The Talking Walls of Angel Island




In the last month of summer, I arrived in America on ship.
After crossing the ocean, the ship docked and I waited to go on shore.
Because of the records, the innocent was imprisoned in a wooden building […]
Sitting here, uselessly delayed for long years and months,
I am like a pigeon in a cage.

— Poem on a wall of Angel Island Immigration Station

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ANGEL ISLAND IS a state park in the San Francisco Bay popular for hiking and bicycling. Like nearby Alcatraz Island, it’s only accessible by ferry. And, like Alcatraz, there was once a prison on the island, although that wasn’t its official designation. Officially, Angel Island was there to process people coming into the United States. Unofficially, it was there to keep the Chinese out.

From 1910 to 1940, the Angel Island Immigration Station processed 175,000 Chinese immigrants. It was called the “Ellis Island of the West,” but its aims were different. When Ellis Island was operating, only two percent of applicants were turned away. Angel Island was created as part of the Chinese Exclusion Act, and as such, 18 percent of applications were rejected and five percent were deported outright. All were detained on the island for weeks, months, and even years. The longest detention was 756 days.

This spring, when the Trump administration began separating families on the US-Mexico border, Angel Island popped into my mind. The apparent racial bias underlying this policy made me think of this older, racially motivated detainment of immigrants. As in the current crisis, the Chinese immigrants had no control over their situation. Separated by gender and race, they slept in bunkers on thin canvas mats. They were imprisoned for no other reason than they wanted to come to the United States.

While at Angel Island, the Chinese wrote poems on the walls of the detainment center about their situation. I’d been hearing about them for years. There are 200 poems, each a unique documentation of life at the center. In August, I took my six-year-old son on the ferry to see the poems myself.

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The sea-scape resembles lichen twisting and turning for a thousand li.
There is no shore to land and it is difficult to walk.
With a gentle breeze I arrived at the city thinking all would be so.
At ease, how was one to know he was to live in a wooden building?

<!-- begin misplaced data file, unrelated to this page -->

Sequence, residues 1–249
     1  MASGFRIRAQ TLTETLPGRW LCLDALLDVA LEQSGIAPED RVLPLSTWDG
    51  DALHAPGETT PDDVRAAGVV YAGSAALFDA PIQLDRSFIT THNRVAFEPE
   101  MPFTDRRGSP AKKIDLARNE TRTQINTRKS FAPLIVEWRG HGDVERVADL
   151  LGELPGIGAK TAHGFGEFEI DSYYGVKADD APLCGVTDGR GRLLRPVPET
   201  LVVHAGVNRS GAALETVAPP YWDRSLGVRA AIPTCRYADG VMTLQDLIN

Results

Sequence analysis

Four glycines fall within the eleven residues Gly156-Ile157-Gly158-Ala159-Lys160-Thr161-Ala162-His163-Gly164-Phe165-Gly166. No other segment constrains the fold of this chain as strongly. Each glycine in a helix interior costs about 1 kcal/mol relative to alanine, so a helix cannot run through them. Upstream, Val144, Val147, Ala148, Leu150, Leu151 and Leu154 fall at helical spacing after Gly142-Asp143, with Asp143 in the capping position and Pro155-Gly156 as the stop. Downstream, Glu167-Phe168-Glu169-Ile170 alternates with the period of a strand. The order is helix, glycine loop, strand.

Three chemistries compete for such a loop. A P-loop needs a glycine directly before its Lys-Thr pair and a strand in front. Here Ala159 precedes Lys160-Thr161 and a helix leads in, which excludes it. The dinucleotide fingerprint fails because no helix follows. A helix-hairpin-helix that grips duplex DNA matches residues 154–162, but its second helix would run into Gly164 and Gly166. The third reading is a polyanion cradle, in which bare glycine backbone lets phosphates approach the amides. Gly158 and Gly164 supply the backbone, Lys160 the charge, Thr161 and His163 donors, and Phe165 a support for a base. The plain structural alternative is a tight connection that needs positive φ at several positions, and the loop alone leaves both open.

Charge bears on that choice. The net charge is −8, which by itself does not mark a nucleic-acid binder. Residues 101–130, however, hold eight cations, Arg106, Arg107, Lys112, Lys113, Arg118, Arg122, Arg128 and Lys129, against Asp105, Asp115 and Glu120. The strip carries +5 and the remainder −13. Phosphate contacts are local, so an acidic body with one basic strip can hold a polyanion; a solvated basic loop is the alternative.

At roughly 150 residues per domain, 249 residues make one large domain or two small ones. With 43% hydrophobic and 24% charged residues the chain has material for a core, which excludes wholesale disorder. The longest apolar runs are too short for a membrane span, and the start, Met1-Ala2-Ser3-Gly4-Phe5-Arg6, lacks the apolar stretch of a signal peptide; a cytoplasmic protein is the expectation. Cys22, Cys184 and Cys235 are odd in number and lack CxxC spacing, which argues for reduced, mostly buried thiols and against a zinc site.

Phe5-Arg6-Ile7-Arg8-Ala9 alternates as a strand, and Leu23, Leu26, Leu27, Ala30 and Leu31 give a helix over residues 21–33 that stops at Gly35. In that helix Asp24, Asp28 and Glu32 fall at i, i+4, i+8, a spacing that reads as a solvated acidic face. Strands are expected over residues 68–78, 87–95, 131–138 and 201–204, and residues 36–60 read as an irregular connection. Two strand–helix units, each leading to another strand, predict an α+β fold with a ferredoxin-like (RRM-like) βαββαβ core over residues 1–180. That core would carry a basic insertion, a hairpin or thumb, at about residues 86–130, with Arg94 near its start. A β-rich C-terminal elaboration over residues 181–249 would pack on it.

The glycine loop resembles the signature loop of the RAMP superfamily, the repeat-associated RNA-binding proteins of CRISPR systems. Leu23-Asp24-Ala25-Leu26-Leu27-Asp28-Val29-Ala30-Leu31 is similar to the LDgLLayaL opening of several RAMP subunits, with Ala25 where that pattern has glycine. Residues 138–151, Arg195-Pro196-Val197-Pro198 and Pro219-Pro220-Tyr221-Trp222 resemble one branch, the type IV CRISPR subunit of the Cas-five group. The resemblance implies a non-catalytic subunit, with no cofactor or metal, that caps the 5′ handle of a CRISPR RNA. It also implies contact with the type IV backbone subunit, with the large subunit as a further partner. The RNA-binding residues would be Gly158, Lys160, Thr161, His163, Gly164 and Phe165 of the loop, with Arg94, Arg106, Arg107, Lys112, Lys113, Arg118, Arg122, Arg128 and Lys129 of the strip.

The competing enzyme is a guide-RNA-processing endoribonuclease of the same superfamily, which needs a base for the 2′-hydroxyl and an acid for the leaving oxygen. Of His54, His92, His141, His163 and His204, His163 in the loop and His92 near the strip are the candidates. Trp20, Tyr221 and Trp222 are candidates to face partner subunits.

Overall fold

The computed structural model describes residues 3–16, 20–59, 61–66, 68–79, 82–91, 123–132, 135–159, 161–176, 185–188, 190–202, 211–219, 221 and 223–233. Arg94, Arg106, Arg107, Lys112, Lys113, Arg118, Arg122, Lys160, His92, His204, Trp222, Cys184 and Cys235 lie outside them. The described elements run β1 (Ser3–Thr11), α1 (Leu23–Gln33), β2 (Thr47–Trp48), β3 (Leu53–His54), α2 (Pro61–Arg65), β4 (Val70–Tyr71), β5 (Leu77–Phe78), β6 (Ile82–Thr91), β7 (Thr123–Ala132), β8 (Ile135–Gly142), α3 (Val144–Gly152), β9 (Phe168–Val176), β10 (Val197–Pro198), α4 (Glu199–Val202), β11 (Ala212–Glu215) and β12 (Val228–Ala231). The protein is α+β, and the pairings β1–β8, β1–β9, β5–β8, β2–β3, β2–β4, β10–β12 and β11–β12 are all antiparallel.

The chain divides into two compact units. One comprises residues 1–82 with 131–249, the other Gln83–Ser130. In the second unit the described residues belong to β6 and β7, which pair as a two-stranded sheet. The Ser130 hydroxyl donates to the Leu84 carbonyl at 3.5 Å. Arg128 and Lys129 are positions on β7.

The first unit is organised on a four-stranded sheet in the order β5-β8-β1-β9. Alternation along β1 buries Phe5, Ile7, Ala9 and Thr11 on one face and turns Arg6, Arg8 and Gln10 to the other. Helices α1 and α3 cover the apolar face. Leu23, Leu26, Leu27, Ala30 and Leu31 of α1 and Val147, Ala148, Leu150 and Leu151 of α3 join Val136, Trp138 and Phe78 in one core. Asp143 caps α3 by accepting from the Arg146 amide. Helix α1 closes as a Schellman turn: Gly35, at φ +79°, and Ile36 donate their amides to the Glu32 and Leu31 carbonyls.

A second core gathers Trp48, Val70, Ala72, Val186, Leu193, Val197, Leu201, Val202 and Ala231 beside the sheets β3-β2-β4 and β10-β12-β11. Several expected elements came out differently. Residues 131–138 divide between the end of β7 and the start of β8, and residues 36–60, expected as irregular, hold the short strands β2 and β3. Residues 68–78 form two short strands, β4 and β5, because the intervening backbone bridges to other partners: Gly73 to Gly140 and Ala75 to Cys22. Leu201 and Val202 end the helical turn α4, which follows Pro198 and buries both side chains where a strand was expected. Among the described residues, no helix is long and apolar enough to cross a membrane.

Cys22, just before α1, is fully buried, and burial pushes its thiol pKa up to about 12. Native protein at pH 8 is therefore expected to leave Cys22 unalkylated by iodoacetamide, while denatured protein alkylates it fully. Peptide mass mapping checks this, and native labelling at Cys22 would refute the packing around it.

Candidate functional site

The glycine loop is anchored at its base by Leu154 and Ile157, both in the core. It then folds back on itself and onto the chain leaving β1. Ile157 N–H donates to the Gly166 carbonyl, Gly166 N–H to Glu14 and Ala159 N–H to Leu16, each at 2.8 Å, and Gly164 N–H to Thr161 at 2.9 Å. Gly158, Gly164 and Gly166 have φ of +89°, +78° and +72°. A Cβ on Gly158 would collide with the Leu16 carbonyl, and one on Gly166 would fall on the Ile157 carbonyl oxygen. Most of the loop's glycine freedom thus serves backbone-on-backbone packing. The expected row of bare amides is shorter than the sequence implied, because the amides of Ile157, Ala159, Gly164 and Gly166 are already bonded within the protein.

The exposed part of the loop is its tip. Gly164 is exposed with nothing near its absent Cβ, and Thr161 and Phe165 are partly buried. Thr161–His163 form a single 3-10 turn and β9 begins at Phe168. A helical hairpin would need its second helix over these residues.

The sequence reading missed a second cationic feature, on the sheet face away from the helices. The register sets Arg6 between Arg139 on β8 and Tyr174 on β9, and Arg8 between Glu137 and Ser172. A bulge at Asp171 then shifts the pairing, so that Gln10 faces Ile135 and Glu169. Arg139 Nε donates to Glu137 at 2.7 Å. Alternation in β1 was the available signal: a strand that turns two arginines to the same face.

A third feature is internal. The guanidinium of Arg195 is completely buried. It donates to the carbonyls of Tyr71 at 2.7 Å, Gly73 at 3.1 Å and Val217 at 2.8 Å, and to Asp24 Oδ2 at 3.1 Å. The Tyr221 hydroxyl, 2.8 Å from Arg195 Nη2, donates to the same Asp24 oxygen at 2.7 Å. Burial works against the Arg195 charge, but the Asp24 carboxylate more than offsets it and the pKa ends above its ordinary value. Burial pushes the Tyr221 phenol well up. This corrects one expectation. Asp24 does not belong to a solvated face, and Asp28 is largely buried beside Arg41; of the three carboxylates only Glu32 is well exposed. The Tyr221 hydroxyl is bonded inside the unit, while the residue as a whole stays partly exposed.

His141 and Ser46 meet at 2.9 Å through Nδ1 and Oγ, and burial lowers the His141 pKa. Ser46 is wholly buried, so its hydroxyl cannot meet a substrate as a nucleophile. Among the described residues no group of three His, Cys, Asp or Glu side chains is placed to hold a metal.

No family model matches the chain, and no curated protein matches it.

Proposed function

Angel Island is a pretty place with views of the bay and eucalyptus groves covering the steep hills at its center. On a hot day, we hiked up to the ruins of the Immigration Station, a white-and-yellow two-story rectangle perched against a hill. A tunnel-like hallway stretches over the stairway up to the building, which is now a museum. Inside, the detainment center is impersonal and bureaucratic. The rooms are long, with exposed poles and pipework. Windows look out onto sailboats drifting through the bay.

We saw the poems as soon as we entered the room, written in Chinese characters on the wall. Luckily, English translations are nearby. I read a vivid account of being in this room at night:

In the quiet of night, I heard, faintly, the whistling of wind.
[…] The floating clouds, the fog, darken the sky.
The moon shines faintly as the insects chirp.
Grief and bitterness entwined are heaven sent.
The sad person sits alone, leaning by a window.

The poems are written in classical Chinese style, usually with five or seven characters per line, and four or eight lines per poem. They imitate well-known classical poems and contain literary references from Chinese legend. Undated and unsigned, they’re likely written by men — the women’s dormitory was destroyed in a fire. They were composed in pencil or ink, although a smaller number were carved into the walls. The lines borrow from each other, and often repeat the same phrases. Some poems had multiple authors.

While many of the poems are still visible, others are known only because two detainees copied them down in the 1930s. A 2003 study came up with more.

Still, there may be hundreds of poems buried beneath the layers of paint, as the guards repeatedly covered what they thought was graffiti. Again and again, the detainees reclaimed the space, carving the poems deeper into the walls.

What struck me was how vividly the poems expressed the detainees’ emotions. Many describe sadness and anxiety:

Imprisoned in the wooden building day after day,
My freedom withheld; how can I bear to talk about it?
I look to see who is happy but they only sit quietly.
I am anxious and depressed and cannot fall asleep.
[…] Nights are long and the pillow cold; who can pity my loneliness?

Still others express outrage:

How was I to know that the western barbarians had lost their hearts, and reason?
With a hundred kinds of oppressive laws, they mistreat us Chinese.
It is still not enough after being interrogated and investigated several times;
We also have to have our chests examined while naked.

When a boat arrived in San Francisco, the immigrants were divided into class and race. Europeans and people with first- and second-class tickets were often processed on the ferry. The Chinese and a smaller number of other immigrants were ferried to Angel Island, less than a mile away.

Once there, men and women were separated and housed in different barracks. Families were also separated, although children under 12 stayed with their mothers. At any given time, there were 200–300 men and 30–50 women on the island. Children traveling alone were grouped with their gender. The book Island: Poetry and History of Chinese Immigrants on Angel Island includes an interview with Mr. Gin, who was six years old at Angel Island in 1915. “I was the only boy in the men’s dormitories,” he said. “Nobody took care of me, so I soon became dirty and full of lice.”

Next, detainees were checked for hookworm and other parasites at the hospital. The exams were humiliating for the Chinese, who never stripped naked for medical exams. “I cannot bear to describe the harsh treatment by the doctors,” one poem reads. “Being stabbed for blood samples and examined for hookworms was even more pitiful.” Another person wrote: “The doctor extracting blood caused us the greatest anguish. / Our stomachs are full of grievances, but to whom can we tell them?” If the immigrant didn’t pass the medical exam, they were deported or hospitalized at their own expense. Those who passed went on to the barracks to await processing.